Most of the clinic’s approximately 280 physicians are paid with a base salary plus a volume-dependent bonus. A few receive salary alone.

Henry Ford Medical Group

From the opening in 1915 of the Henry Ford Hospital in Detroit, each doctor practicing there has been employed by the hospital and more recently by its health system. The structure at the Mayo Clinic provided the model for Henry Ford, who funded the construction of the hospital, originally to care for employees in the nearby plants of the Ford Motor Company. Ford insisted that only members of the medical group could work at his hospital. The closed panel system angered many physicians in the community and medical organizations both at its formation and for several years afterwards, but it has continued to this day, almost a century after the founding of the hospital.

The Henry Ford Medical Group now includes more than 1,200 physicians who work at the flagship hospital in Detroit and at six other hospitals and ambulatory centers owned by the Henry Ford Health Care System. Members of the group receive a base salary of about 80 percent of total compensation and can increase the remainder  through RVU productivity.

Intermountain Medical Group

The Intermountain Medical Group, a multispecialty group practice in Utah, is part of Intermountain Healthcare, an independent, not-for-profit corporation founded in 1975 that owns 20 of Utah’s 60 hospitals plus one hospital in southeastern Idaho. The medical group employs about 735 physicians, most of whom are based in outpatient practices.

Approximately 90 percent of the physicians are paid solely on clinical activity, measured by RVUs. Of those salaried doctors, many are highly paid surgical specialists who are starting programs in areas where the volume needed to generate competitive compensation is not yet available.(26)

Kaiser Permanente of Northern California

Kaiser Permanente is an integrated managed care organization with three principal components: the Kaiser Foundation Health Plan, an insurance vehicle; Kaiser Foundation Hospitals, and the Permanente Medical Groups of physicians and other health care professionals. Kaiser Permanente of Northern California is the direct descendent of the health plan organized initially to provide medical care for the employees of the Kaiser ship-building enterprise during World War II. The first of the Permanente groups to form was in northern California that currently has about 6500 physician-members.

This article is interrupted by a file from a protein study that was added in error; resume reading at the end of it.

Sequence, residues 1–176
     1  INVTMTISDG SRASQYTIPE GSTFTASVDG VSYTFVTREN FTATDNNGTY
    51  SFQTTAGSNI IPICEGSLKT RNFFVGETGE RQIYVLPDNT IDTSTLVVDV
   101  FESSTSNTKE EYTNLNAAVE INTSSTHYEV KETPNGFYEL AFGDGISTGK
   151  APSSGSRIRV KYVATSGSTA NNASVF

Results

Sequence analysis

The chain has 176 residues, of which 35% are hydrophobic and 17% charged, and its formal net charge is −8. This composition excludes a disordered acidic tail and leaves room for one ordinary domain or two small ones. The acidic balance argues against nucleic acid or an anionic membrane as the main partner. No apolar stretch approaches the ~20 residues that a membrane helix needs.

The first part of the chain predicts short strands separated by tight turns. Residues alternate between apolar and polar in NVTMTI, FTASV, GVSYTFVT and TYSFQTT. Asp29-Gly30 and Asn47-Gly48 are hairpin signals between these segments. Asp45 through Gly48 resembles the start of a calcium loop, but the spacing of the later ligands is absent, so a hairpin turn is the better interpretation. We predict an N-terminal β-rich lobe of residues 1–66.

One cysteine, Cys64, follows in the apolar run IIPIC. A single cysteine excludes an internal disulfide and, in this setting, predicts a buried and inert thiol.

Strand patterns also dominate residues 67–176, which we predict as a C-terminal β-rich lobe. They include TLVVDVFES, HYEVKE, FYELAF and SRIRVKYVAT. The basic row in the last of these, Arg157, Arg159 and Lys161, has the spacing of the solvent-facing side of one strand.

Physicians who work for the medical group are paid competitive salaries with incentives based on quality and patient satisfaction, but not on volume.(27) When asked whether pay for performance enters into compensation, Dr. Jay Crosson replies, “In a manner of speaking, yes, but not in the way it is commonly used. Over the career of a physician his/her salary will rise (and our small bonuses will vary) depending on an assessment of the quality of care and service rendered by the physician. Data is used, of course, but so are peer evaluation and the assessment of the department chief. So it is not formulaic in design. Utilization issues are not part of the consideration of income for individual physicians.”(28)

Lahey Clinic

Surgeon Frank Lahey (1880-1953) founded his clinic in 1923 in Boston Until 1980 when the clinic moved to Burlington, MA and built its own hospital, Lahey members admitted their patients to hospitals in Boston.

Compensation for the clinic’s approximately 430 physicians is based partially on volume in addition to salaries derived from standard, published data.

Marshfield Clinic

In 1916 six physicians in Marshfield, Wisconsin pooled their medical practices to form the Marshfield Clinic. The city, like Rochester, Minnesota, home of the Mayo Clinic that the founders of Marshfield used as their organizational model, was small then and still is. Settled in 1868, Marshfield is located near the geographical center of the state. In 2000, according to the census of that year, the population was 18,800.

Currently, Marshfield Clinic employs about 775 physicians in its historical center in Marshfield and in 54 health care centers in northern, central and western Wisconsin. 90 percent of its patients live in Wisconsin.

The Marshfield Clinic provides an instructive example of how methods of physician compensation have evolved. Salaries are set each year by a committee of four elected physicians and members of the board of directors. For most of the doctors, compensation is based largely on how many patients they see, measured by the number of RVUs the physician accumulates. Annually, each doctor fills out an activity report which contains non-RVU activity such as, the time spend on teaching, research, and administration.

Each year the salary committee assigns a salary for the next year based, in part, on market data and on the size of the doctor’s clinical activity during the previous year. An independent compensation committee reviews the salaries, with special attention to the high ones.(21) An average of 8 doctors/year appeal the amount of their salary to the board of the clinic.